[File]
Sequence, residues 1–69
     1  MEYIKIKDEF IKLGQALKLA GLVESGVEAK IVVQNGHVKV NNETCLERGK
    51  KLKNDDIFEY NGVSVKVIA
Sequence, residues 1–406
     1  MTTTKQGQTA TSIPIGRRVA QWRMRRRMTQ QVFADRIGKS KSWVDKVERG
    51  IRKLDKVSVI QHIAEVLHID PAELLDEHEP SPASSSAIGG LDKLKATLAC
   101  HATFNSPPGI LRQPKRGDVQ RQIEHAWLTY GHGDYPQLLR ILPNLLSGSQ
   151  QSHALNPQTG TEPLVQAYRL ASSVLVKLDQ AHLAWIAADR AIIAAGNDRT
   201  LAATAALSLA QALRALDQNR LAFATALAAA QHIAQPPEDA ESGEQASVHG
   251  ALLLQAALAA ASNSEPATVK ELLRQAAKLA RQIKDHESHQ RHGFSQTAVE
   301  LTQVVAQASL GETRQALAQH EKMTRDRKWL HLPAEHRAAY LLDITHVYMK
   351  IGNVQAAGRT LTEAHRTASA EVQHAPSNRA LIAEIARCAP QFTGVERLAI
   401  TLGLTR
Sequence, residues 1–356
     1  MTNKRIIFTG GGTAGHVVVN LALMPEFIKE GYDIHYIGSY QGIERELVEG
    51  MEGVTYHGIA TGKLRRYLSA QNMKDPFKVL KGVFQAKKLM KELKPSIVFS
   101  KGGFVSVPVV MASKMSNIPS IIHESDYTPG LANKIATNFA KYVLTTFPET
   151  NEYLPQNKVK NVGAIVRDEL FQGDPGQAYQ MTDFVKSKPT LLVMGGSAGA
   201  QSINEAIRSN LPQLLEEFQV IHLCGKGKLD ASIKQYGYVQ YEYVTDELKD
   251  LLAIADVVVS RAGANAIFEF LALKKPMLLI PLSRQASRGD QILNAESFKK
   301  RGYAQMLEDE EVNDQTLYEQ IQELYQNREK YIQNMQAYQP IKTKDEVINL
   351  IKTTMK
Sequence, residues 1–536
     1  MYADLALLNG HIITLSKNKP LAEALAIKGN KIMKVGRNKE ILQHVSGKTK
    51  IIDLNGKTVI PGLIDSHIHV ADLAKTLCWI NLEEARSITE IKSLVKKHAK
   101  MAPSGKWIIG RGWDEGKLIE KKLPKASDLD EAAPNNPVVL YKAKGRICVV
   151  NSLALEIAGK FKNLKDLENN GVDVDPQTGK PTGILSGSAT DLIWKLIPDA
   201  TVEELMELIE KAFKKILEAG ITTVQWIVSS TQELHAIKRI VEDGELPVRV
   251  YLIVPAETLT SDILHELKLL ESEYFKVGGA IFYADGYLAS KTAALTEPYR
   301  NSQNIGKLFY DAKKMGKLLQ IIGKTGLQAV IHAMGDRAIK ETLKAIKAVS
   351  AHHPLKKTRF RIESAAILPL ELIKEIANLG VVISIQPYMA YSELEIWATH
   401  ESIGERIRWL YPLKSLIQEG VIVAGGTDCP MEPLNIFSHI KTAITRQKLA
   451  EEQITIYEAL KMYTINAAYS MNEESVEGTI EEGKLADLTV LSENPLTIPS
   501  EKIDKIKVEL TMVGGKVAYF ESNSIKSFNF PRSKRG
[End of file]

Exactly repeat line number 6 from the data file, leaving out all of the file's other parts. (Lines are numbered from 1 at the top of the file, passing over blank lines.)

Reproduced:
    51  IRKLDKVSVI QHIAEVLHID PAELLDEHEP SPASSSAIGG LDKLKATLAC